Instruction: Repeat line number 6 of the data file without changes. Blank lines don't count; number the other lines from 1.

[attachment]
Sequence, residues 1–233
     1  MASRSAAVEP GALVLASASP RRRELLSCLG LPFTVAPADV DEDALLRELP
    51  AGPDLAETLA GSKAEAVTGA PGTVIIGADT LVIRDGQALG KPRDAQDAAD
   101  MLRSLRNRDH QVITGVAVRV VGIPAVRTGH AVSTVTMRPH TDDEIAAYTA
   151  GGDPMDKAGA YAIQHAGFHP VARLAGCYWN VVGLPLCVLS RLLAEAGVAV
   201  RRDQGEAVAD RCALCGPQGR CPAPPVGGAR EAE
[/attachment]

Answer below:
   201  RRDQGEAVAD RCALCGPQGR CPAPPVGGAR EAE